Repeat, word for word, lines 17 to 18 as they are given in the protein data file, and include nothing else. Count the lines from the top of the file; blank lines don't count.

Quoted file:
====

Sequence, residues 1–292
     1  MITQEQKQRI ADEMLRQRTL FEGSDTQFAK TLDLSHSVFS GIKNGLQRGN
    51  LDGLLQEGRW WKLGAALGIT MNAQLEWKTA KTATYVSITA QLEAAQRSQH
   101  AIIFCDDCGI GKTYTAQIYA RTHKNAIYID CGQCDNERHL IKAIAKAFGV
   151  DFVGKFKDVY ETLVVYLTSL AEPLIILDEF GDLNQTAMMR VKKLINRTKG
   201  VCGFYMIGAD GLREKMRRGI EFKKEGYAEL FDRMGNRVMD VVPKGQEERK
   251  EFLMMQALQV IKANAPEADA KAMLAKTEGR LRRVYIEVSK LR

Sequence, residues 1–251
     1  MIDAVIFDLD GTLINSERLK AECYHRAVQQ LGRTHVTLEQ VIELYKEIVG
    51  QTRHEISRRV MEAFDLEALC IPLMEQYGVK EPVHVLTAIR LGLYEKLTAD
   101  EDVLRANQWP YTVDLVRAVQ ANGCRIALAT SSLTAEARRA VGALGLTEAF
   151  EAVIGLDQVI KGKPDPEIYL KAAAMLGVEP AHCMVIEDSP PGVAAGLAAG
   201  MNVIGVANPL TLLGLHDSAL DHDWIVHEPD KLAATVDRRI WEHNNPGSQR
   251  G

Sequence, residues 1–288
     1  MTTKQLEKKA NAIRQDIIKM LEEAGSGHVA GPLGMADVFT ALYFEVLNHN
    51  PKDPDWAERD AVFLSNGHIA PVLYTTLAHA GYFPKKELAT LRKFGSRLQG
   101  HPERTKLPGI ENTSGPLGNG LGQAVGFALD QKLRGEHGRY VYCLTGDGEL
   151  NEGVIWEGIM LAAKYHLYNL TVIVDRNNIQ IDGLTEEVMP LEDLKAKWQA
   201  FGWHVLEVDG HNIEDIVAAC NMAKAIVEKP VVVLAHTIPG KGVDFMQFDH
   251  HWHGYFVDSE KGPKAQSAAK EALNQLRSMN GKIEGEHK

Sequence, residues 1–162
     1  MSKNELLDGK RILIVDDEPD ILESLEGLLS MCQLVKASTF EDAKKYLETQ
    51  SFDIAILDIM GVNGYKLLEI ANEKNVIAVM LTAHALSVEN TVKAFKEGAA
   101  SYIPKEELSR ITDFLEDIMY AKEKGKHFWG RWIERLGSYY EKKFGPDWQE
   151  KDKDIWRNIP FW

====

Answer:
    51  PKDPDWAERD AVFLSNGHIA PVLYTTLAHA GYFPKKELAT LRKFGSRLQG
   101  HPERTKLPGI ENTSGPLGNG LGQAVGFALD QKLRGEHGRY VYCLTGDGEL